A prominent Hong Kong protester has made her first public appearance in 14 months, telling the media she had been held in mainland China.
Alexandra Wong, 64, was nicknamed “Grandma Wong” and was often pictured waving a British flag at protests.
She said she was detained last August in the border city of Shenzhen and forced to renounce her activism in writing.
Ms Wong said she was also sent on a “patriotic tour” of Shaanxi province.
While there, she had to sing the national anthem and was photographed waving the Chinese flag. She was then released on bail, she said, but was forbidden from returning to Hong Kong.
Last year’s anti-government protests began in June 2019 over plans to allow extradition to mainland China, but later morphed into a broader movement demanding full democracy.
Hong Kong was a British colony until 1997, but was then returned to Chinese control under the principle of “one country, two systems”. While it is technically part of China, the territory has its own legal system and borders, and rights including freedom of assembly and free speech are protected.
Speaking at an emotional press conference in Hong Kong on Saturday, Ms Wong said she was initially detained by the authorities in Shenzhen for a total of 45 days, for “administrative detention” and “criminal detention”. However, she wasn’t told what charges she was facing.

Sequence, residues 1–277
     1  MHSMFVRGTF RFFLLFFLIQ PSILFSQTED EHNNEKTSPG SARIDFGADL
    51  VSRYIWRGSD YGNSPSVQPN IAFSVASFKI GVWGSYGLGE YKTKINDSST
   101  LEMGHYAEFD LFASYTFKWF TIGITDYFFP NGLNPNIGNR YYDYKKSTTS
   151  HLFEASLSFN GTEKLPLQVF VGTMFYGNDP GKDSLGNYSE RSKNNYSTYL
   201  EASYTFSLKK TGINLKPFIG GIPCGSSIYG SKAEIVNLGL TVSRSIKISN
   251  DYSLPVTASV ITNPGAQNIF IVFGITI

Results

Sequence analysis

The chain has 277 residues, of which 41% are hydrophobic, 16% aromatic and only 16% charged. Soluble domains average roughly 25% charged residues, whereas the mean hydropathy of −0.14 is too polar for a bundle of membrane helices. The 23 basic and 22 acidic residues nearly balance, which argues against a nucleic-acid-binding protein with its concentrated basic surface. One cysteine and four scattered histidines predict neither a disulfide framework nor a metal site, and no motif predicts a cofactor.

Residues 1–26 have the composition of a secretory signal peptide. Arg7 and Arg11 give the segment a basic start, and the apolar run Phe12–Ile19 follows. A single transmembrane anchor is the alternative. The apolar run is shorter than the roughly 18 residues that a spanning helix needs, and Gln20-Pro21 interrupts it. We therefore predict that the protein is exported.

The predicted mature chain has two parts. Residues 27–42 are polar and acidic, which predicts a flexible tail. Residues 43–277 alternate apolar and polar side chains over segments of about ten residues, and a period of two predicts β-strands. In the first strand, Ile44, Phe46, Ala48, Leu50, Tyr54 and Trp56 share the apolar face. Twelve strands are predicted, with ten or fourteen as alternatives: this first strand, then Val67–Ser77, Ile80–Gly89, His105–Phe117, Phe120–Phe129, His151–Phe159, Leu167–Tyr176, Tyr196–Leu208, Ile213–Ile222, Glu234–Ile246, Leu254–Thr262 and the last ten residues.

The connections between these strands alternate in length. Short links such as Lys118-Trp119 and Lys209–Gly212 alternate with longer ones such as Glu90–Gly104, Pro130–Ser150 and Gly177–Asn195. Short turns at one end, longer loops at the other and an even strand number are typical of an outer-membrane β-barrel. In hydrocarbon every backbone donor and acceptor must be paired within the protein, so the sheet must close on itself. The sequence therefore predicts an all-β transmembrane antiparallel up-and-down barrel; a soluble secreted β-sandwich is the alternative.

“I was afraid I would die in that detention centre,” she said.
At the end of the 45 days she was told to declare on camera that she hadn’t been tortured, she said, and that she wouldn’t protest or do interviews with the media.
She was also forced to confess in writing that her activism was wrong – something she described as “the worst thing I did in my life”.
After this she was sent to Shaanxi province, in north-east China, before being released on bail pending trial for “picking quarrels and provoking trouble”.
She was not given any written documentation of these charges.
For a year after her release on bail, she was only allowed to go back to Shenzhen, the border city where she lives, and was forbidden from going to Hong Kong.
These conditions expired late last month.
Ms Wong told reporters that she had “no courage” to return to Shenzhen “unless there is a radical change in the political situation”.
“I won’t give up fighting,” she added. “After all, there will be sacrifice, otherwise… the authoritarian system won’t be changed.”
She also called for the release of 12 Hong Kong activists, believed to be fleeing to Taiwan, who were intercepted at sea by mainland authorities in August.
Hong Kong saw a wave of arrests of activists earlier this year under a controversial national security law imposed by China in June.
The security law, opposed by many in Hong Kong, punishes what Beijing broadly defines as subversion, secession, terrorism and collusion with foreign forces, with up to life in prison.